In this no-holds-barred memoir with a foreword by Elizabeth Hardwick, the bestselling author of The Group recalls her early life in New York, revealing the genesis of and genius behind her groundbreaking fiction
Mary McCarthy is a married twenty-four-year-old Communist and critic when this memoir begins. She’s disciplined, dedicated, and sexually experimental: At one point she realizes that in twenty-four hours she “had slept with three different men.” But she believes in the institution of marriage. Over the course of three years, she will have had two husbands, the second being the esteemed, much older critic Edmund Wilson. It is Wilson who becomes McCarthy’s mentor and muse, urging her to try her hand at fiction.
McCarthy’s powers of observation are on witty display here, as the seventy-something writer recalls events that took place half a century earlier. Her eye for the revealing detail will be recognized by readers of her novels as she describes marching in May Day parades, attending parties for the Scottsboro Boys, and witnessing firsthand the American left wing’s response to the Moscow trials and the Spanish Civil War.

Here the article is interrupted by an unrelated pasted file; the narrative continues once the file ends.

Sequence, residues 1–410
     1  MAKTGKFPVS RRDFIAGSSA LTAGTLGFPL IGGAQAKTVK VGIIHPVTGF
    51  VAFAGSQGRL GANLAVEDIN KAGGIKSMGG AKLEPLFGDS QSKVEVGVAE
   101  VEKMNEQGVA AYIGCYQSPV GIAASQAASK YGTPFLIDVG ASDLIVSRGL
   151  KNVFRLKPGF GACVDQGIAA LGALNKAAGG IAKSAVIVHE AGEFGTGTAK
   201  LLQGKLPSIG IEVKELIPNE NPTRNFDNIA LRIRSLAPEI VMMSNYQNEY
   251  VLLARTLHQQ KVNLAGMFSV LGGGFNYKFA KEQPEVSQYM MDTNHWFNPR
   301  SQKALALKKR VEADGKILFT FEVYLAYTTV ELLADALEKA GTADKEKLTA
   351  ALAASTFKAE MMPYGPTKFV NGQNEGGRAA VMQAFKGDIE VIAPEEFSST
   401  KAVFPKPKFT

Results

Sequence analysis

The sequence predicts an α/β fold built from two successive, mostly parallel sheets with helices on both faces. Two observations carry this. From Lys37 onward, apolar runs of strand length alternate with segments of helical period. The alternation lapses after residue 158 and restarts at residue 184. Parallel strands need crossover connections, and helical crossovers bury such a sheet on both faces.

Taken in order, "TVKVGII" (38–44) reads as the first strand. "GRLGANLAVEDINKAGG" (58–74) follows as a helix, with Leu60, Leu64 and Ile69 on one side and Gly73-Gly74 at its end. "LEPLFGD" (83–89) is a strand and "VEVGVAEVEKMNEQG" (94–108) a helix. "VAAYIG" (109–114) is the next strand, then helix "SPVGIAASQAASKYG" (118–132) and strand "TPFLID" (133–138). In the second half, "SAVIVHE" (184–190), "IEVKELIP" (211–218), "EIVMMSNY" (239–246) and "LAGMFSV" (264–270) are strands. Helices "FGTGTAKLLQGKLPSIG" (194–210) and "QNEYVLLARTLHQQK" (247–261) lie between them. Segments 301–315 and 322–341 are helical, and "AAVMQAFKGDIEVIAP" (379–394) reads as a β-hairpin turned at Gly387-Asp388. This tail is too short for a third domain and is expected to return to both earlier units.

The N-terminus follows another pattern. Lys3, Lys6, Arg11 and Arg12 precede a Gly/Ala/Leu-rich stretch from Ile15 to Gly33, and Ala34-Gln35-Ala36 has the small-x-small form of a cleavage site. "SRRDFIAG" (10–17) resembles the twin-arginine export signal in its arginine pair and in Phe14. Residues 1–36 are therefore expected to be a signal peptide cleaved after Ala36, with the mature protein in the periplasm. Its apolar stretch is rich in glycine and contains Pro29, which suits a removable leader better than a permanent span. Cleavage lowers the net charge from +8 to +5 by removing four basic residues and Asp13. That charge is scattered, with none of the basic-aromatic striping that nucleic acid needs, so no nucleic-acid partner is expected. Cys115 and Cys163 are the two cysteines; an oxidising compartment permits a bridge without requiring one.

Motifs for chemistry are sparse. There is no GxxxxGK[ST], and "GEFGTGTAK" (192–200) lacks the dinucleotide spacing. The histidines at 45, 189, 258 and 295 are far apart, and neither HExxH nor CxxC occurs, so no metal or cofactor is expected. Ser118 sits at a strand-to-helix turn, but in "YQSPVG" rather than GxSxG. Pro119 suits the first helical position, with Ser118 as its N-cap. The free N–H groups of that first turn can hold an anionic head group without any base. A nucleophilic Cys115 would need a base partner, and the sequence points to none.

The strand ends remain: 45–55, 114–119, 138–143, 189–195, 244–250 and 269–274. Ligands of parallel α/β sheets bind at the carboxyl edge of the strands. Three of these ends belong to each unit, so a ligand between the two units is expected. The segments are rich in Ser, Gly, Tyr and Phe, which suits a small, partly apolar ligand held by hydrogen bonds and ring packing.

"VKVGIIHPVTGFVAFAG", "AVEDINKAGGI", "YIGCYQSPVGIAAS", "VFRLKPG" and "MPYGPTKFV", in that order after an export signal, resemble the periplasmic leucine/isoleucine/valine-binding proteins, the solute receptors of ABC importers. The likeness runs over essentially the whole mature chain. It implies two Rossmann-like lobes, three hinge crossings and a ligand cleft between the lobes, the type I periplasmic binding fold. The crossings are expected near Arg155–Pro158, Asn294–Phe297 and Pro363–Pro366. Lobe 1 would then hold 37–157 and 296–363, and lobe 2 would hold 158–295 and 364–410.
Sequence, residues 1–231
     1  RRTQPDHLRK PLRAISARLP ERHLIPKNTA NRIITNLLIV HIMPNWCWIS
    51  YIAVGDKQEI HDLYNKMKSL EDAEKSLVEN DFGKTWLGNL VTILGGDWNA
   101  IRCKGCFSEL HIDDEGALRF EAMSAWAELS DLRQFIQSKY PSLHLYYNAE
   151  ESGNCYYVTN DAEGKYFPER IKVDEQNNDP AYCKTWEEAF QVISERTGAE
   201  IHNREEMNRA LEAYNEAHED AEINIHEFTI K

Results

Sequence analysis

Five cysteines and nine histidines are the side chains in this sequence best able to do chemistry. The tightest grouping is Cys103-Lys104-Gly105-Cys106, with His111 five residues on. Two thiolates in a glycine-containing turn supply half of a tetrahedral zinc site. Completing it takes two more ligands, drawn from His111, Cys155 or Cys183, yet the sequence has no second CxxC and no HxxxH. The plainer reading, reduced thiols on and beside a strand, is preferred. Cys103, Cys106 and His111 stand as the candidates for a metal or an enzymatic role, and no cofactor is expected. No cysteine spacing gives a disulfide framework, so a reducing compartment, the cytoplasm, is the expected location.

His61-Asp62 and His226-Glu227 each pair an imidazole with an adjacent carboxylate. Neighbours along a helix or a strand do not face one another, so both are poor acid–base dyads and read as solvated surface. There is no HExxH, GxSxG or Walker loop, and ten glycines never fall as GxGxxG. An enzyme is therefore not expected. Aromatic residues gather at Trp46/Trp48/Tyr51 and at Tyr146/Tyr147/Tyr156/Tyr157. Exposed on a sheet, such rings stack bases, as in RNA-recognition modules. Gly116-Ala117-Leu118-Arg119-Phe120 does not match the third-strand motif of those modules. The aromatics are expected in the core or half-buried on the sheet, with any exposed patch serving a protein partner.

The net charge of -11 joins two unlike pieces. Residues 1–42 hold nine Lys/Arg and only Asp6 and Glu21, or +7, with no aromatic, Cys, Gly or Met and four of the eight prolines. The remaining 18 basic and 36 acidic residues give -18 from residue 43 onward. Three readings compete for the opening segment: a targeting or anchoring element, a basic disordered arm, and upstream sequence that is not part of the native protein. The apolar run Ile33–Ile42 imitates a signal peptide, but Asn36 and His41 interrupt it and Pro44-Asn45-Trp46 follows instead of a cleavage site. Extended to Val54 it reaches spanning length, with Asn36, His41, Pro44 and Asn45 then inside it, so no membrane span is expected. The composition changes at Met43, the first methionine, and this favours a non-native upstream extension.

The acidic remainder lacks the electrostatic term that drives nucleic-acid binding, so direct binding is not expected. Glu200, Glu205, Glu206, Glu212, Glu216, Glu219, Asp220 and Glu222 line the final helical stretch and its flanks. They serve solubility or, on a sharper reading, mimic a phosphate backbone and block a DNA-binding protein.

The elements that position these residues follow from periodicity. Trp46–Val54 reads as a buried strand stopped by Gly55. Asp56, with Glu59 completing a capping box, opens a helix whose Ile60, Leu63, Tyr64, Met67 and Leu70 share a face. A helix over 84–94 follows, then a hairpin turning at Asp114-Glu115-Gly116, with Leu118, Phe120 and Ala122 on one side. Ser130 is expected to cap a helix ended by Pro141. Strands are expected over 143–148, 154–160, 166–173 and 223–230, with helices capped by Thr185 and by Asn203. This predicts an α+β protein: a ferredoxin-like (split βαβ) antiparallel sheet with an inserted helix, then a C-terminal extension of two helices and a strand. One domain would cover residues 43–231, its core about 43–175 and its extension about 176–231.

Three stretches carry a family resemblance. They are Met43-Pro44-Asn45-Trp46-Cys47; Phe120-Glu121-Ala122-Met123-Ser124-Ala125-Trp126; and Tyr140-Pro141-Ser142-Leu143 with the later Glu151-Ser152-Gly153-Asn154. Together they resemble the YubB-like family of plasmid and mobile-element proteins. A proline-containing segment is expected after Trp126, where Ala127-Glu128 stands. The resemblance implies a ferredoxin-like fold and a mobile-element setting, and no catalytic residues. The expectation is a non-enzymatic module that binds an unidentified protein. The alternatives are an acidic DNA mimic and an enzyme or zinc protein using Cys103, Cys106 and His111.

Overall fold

Picking up where How I Grew left off and unfinished at the time of her death in 1989, Intellectual Memoirs is a vivid snapshot of a distinctive place and time—New York in the late 1930s—and the forces that shaped Mary McCarthy’s life as a woman and a writer.
This ebook features an illustrated biography of Mary McCarthy including rare images from the author’s estate.
By the end of the first paragraph of this brief companion to her memoir How I Grew , McCarthy (1912-1989) has made clear the centers of her young life: love and work. At a May Day parade in New York City, she is a 24-year-old Communist and married woman. Both will change soon: she will become involved with the ``fair young man'' walking with her who ``looked like Fred MacMurray,'' and she will become a Trotskyite. As in her Memories of a Catholic Girlhood , drivenness and a sense of inevitability here possess McCarthy; as her close friend Hardwick ( Sleepless Nights ) writes in the introduction, there was ``a certain Jesuitical aspect to her moral life . . . habits, prejudices, moments, even fleeting ones, had to be accounted for, looked at, and written in the ledger.'' As a young writer, McCarthy produced a prodigious number of reviews for magazines like Partisan Review and the Nation . Her love life was equally active: at one point she ``realized . . . that in twenty-foursic hours she had slept with three different men.'' Yet she believed in marriage, and in the space of the memoir's three years, she wed twice, the latter time to critic Edmund Wilson, 16 years her senior and the man who egged her on to try ``imaginative writing.'' As the memoir moves through discussions of Stalinism and Trotskyism, the Moscow trials, the founding of the Partisan Review --and detailed descriptions of the furniture in her apartments--we watch an important mind forming.